Thursday, December 27, 2007

Bohlinger for McCain

Good choice. McCain increasingly seems like the only Republican presidential candidate it is possible to vote for. Much as I like Ron Paul, he strikes me as too ideologically pure to govern successfully as president. And the rest of the GOP batch are too soft on torture and civil liberties for my taste.

McCain worries me because I don't like his position on the war, or on campaign finance reform, and his age bothers me a little. But he does seem to be an honest man, willing to take public hits on positions he believes in strongly, and I really don't see that Republicans have anyone else to turn to.

Now we'll see how much heat the endorsement takes off Bohlinger.

UPDATE: In comments, Eric says I'm too liberal for McCain and Mark T. says, in effect, that McCain's war position disqualifies him for the presidency. Mark also indicates that he has trouble telling liberals from conservatives.

Of course, I argue that all Americans are liberals because America is a liberal democracy founded on liberal principles and almost nobody rejects those principles. We pretty much all believe that humans are capable of self rule, that they should be equal under the law and that they have rights that outweigh the power of government. Those are all liberal ideas.

Real liberals and real conservatives both embrace those ideas, which can make them hard to distinguish, and that's a good thing. Telling them apart often boils down to what percentage of GDP they are willing to spend on taxes. But the right-wing talk machine has done a great job of conflating liberalism with socialism, an absurd but politically powerful gambit. And so-called conservatives have in large measure abandoned traditional American principles on torture, on foreign wars and on individual liberty. They should not be confused with real conservatives, who are people I respect and would, in fact, vote for.

As for McCain, I find his war position hard to take. But none of the other Republicans, outside of Ron Paul, is any better. And among the Democrats most likely to win, only Obama was against the war when it really mattered. So yes, I might vote for McCain if it comes down to a choice between a candidate who voted for and still supports the war and a candidate who voted for the war and has been running from the vote ever since.

3 comments:

Eric said...

Come on David - you make it sound as if you would actually vote for one of the GOP candidates.

After reading your political opinions for this long I conclude that not even Hillary is actually liberal enough for you to vote for! LOL

Mark T said...

Do you also admire Bush for his willingness to take public hits on positions he believes in strongly? At some point we have to measure the worth of the man's mind - his ability to reason and think clearly. McCain is pushing a failed policy - failed on so many fronts and in so many ways, immoral and illegal to boot. But he's decisive.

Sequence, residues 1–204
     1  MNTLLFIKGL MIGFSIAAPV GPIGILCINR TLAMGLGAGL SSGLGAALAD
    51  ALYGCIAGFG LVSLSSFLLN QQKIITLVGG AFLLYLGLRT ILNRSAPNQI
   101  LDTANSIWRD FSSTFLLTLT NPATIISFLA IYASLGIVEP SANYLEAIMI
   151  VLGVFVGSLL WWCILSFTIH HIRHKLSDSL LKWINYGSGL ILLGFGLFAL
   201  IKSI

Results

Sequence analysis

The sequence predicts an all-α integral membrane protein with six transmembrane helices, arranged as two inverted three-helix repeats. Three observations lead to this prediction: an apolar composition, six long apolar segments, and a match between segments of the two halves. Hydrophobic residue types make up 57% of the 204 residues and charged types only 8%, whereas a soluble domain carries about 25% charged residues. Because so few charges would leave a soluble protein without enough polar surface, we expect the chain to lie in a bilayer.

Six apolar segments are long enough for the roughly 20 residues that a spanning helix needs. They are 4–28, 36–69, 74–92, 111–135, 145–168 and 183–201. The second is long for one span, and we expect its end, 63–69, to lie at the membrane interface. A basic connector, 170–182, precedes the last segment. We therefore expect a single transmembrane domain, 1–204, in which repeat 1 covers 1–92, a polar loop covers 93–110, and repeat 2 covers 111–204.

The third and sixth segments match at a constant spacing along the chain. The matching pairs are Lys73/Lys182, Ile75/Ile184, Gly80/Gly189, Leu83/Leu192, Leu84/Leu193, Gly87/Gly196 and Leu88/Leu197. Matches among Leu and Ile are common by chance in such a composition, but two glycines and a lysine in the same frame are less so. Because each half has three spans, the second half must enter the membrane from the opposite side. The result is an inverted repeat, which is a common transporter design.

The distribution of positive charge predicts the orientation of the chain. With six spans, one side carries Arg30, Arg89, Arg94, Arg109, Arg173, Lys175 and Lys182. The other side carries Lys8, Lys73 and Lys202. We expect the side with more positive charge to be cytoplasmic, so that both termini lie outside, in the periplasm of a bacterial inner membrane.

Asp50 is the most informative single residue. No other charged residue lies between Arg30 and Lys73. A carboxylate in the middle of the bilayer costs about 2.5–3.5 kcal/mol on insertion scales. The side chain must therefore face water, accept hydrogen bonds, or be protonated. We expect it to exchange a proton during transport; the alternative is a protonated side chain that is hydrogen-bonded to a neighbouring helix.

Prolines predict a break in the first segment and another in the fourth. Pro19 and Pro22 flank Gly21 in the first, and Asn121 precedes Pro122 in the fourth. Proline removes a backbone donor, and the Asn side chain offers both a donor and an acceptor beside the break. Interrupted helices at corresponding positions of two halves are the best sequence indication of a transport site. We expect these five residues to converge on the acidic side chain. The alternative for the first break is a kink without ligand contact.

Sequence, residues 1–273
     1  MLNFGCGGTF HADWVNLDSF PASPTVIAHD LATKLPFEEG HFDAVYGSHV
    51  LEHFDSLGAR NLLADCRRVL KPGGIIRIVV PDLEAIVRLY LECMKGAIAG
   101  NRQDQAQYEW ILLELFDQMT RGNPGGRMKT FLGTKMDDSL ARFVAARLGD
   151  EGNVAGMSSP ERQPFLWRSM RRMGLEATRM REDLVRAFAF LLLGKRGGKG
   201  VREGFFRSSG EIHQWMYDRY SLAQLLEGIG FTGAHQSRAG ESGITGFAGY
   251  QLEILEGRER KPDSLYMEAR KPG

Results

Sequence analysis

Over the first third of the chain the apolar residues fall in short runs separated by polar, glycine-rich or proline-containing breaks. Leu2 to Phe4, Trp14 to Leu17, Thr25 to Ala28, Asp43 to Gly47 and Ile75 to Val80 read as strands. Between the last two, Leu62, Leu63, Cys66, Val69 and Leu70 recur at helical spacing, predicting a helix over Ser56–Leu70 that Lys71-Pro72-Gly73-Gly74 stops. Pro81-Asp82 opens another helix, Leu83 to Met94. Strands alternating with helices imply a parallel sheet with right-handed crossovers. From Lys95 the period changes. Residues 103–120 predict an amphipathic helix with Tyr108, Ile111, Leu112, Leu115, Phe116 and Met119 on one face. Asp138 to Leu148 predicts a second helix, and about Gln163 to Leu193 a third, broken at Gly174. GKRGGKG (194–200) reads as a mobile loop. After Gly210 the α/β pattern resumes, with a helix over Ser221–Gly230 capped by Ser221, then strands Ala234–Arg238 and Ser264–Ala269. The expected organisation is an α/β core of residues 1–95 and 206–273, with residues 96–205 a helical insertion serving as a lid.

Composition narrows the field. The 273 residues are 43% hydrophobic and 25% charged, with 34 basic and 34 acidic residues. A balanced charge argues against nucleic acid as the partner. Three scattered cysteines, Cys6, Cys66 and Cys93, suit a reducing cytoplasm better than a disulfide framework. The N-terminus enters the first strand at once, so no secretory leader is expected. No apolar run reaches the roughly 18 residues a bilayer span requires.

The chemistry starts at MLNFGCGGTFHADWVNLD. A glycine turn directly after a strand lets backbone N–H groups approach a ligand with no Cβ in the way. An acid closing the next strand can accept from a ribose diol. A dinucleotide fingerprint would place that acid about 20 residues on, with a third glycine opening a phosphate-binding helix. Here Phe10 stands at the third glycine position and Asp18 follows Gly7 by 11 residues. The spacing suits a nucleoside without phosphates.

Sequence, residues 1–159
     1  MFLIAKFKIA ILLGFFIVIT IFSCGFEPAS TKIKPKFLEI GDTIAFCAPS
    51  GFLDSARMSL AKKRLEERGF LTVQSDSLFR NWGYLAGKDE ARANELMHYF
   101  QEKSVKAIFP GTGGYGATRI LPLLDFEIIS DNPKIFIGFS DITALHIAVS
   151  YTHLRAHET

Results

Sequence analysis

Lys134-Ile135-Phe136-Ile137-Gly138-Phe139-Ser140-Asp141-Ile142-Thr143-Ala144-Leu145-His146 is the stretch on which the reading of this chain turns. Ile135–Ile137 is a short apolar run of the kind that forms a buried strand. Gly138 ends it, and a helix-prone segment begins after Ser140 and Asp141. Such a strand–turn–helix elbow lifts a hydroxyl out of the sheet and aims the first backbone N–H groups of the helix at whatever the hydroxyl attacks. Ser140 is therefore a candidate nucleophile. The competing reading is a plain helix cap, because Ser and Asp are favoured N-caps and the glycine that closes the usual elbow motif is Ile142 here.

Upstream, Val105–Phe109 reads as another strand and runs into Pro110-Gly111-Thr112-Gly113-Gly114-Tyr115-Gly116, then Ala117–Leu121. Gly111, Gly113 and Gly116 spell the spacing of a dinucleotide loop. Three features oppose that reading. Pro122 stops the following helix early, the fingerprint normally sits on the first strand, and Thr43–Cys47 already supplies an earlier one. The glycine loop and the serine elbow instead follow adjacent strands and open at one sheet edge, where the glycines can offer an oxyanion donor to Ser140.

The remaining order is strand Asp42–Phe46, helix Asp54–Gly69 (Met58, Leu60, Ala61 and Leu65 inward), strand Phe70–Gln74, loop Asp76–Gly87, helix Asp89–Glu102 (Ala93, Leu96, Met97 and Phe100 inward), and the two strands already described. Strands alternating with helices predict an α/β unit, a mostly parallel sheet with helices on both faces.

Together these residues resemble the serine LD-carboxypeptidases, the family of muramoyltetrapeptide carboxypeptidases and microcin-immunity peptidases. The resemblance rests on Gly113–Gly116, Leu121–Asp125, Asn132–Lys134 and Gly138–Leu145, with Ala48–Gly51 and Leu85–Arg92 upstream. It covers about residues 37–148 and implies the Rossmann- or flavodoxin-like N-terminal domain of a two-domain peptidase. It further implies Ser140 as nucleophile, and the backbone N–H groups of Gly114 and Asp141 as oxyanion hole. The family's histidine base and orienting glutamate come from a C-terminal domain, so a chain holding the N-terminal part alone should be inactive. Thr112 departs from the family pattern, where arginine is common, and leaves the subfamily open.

Eric castigates you for your being a liberal. If only liberals were significantly different than conservatives!

Anonymous said...

I must say that this is why I don't understand politicos - -you pretty much say you like Ron Paul for his principles, but then declare you wouldn't vote for him because he wouldn't be willing to compromise his principles. huh? But if it's any consolation (and it probably would be) you aren't alone in this bizarre position. It's discouragingly common. But you are totally consistent in your advocation of comprimise when you claim support for McCain and Bohlinger, just as McCain couldn't have picked a more appropriate representative in Montana. I would rather vote for someone with whom I strongly disagree than these two accomplished compromisers -- at least I would know what I was dealing with and could respect the person for having the integrity to stand for something. It takes guts to stand for someting, so you can draw your own conclusion what that makes of Bohlinger and McCain. The road to hell isn't paved with good intentions -- its paved with compromises. Ron Paul offers voters a true choice for the first time in a heck of along time -- if you find you can't vote for him, I would suggest that you can never again in good conscience complain about the lack of integrity and honesty and character in politicians ever again. But then, what has politics to do with conscience, so you and 93 percent of the voters will go right on complaing long after Ron Paul is gone. Dad always said people get what they deserve.